Around the bend: Renovations 'virtually' finished
You should see our new house. Or rather, you should see my imaginary remodeled version of our current house. I drew it up on a simple computer-aided design program we have that lets you draw floor plans and turn them into realistic 3-D renderings.
Using the program’s object library, you can decorate the house according to your taste. Then you can take a virtual walk-through of the house and show your husband, Mark, who is a builder, how you want him to make your real house look someday. (By chance, I have a husband named Mark who is a builder. You’re on your own.)
Mark hates the slapdash way I draw up fantasy remodeling plans. He uses the program, too, but his drawings are always dead accurate, based on the actual dimensions of our actual house. My drawings have a different sort of vibe.
I work quickly so I can get to the fun walk-through part faster. I guess at measurements and leave out tricky stuff, like stairs. And I refuse to be bound by reality when drawing rooms the way I want them to be. When it comes time for an actual renovation, I’ll leave it up to Mark to figure out how to fit my 14-by-20-foot dream bathroom into a 6-by-10 space.
He thinks I’m too sloppy, and I can’t deny it. My 3-D renderings usually look like something from the design team of M.C. Escher and Salvador Dali. Walking through them can give you vertigo. According to Mark, in real life you’d never see a window floating in the middle of the living room or a roof that randomly intersects the walls, giving you the unnerving sensation of being inside and outside at the same time.
But I don’t care about that architectural stuff. I like the part where I get to furnish the house with the CAD program’s extensive library of furniture, appliances and decorations. Oh, sometimes I accidentally place the refrigerator facing the wall or set a coffee table so it passes through the middle of a sofa, but I don’t let the details slow me down.
I wonder, however, what the designers were thinking when they chose which items to include in the object library. The furniture database offers 11 varieties of folding screen, but not a single entertainment center. There’s only one available model of woodstove — an industrial monstrosity that looks like something used to smelt iron — but over two-dozen soap dishes in various finishes and styles.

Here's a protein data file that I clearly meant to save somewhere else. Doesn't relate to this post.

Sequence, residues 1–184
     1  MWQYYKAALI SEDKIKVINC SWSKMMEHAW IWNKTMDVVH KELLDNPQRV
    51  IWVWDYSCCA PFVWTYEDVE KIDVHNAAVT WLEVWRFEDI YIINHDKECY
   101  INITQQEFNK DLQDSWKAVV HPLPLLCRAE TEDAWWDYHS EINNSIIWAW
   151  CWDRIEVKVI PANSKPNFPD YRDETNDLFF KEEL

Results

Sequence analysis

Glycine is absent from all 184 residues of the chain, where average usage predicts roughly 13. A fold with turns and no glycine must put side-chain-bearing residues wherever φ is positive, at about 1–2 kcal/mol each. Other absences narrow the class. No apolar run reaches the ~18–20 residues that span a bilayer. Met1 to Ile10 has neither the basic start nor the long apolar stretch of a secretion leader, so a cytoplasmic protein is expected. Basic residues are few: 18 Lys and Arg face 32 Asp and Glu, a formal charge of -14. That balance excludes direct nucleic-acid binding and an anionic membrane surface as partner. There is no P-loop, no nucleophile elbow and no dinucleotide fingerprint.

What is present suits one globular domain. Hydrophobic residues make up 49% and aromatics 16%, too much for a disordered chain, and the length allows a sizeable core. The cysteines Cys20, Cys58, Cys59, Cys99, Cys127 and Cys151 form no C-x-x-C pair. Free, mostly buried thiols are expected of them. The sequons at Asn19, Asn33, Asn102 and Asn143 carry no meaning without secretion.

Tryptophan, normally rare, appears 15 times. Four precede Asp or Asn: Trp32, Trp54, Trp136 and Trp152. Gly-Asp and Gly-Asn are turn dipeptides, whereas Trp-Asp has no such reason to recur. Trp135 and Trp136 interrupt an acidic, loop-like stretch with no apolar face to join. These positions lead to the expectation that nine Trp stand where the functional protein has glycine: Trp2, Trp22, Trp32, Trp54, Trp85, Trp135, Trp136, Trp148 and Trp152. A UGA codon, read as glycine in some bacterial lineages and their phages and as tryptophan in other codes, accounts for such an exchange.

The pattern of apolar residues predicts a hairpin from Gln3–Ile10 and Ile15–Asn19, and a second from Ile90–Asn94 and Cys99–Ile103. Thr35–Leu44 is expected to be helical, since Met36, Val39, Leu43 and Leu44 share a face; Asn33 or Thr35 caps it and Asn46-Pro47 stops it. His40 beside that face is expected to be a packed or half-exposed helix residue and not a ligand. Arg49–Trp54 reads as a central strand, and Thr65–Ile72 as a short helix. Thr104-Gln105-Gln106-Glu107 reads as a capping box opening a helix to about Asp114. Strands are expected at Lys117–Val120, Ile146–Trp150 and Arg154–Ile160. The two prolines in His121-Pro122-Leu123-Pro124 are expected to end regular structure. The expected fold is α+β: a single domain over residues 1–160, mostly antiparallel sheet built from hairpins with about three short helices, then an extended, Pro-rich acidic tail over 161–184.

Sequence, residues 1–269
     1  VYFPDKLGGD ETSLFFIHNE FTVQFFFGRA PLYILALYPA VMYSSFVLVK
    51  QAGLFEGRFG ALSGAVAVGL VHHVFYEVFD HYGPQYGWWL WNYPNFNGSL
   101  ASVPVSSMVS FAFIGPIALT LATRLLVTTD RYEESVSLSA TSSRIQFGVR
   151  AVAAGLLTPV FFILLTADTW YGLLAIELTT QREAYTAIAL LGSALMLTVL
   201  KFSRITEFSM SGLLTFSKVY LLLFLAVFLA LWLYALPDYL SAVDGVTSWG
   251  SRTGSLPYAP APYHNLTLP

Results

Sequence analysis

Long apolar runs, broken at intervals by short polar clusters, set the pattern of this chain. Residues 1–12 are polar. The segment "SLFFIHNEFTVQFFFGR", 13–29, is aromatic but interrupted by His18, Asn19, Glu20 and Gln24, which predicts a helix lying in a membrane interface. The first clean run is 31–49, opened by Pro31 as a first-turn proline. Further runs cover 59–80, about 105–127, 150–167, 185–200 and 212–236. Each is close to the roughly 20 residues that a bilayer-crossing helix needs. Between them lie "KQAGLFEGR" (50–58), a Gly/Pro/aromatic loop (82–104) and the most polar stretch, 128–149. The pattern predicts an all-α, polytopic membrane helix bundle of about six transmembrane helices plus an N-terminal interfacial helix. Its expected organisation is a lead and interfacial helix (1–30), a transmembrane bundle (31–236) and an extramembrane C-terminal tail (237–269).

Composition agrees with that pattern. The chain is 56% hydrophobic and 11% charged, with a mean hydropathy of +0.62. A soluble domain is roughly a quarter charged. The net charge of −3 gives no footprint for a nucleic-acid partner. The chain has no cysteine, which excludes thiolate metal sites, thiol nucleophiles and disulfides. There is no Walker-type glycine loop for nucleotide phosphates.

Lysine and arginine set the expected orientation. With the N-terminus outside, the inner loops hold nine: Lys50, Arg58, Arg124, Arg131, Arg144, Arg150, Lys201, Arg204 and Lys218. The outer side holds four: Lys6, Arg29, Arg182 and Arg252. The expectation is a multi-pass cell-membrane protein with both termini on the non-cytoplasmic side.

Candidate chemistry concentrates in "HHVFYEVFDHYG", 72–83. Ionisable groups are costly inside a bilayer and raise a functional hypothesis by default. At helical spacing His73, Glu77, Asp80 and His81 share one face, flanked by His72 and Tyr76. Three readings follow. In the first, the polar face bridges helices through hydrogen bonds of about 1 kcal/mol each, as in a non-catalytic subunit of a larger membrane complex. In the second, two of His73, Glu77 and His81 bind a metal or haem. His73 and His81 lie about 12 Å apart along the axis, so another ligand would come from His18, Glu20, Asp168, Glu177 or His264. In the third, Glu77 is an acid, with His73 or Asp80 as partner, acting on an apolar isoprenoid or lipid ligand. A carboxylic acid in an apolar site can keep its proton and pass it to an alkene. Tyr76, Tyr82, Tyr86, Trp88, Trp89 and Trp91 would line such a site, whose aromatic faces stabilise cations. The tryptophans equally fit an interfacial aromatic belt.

I’ll give the designers credit for certain elements of realism. You can, if you choose, decorate your house right down to the wet towel left on the floor of your teenager’s room. The rendering of the sink full of dirty dishes is spot on, as is the unmade bed. And, thanks to the cobweb placement tool, I’ve been able to recreate certain areas of my house with uncanny accuracy.
I have some trouble controlling the 3-D navigator, though. Rather than walking smoothly through the house I tend to charge into rooms and right out the far wall. And I don’t like the eerie outdoor cyber-environment, where the house sits on a square, 1-millimeter-thick lawn floating in an infinite blue sky. My real-life yard is much less tidy, but at least on my real lawn I don’t have to worry about falling off.
I play with the program every few months but have never come up with a workable floor plan that contains all the new features I want in our real house (oh, how I yearn for a mudroom) without sacrificing other handy elements, such as a kitchen. But somehow last night, it all came together: I drew up a design that satisfies everything on my wish list.
Mark even approves of it, at least in theory. (He knows the actual work is years away, so he chooses not to quibble about how the loveseat hovers four inches above the floor or how I’ve drawn the downstairs hallway 18 inches wide.)
I’ve learned a lot by experimenting with the CAD program. Not only has it allowed me to manipulate my real house, more or less, in a virtual environment, but also it has given me ideas I’ve been able to apply in the real world.
A carefully placed folding screen, for example, can completely hide the dirty dishes in the sink.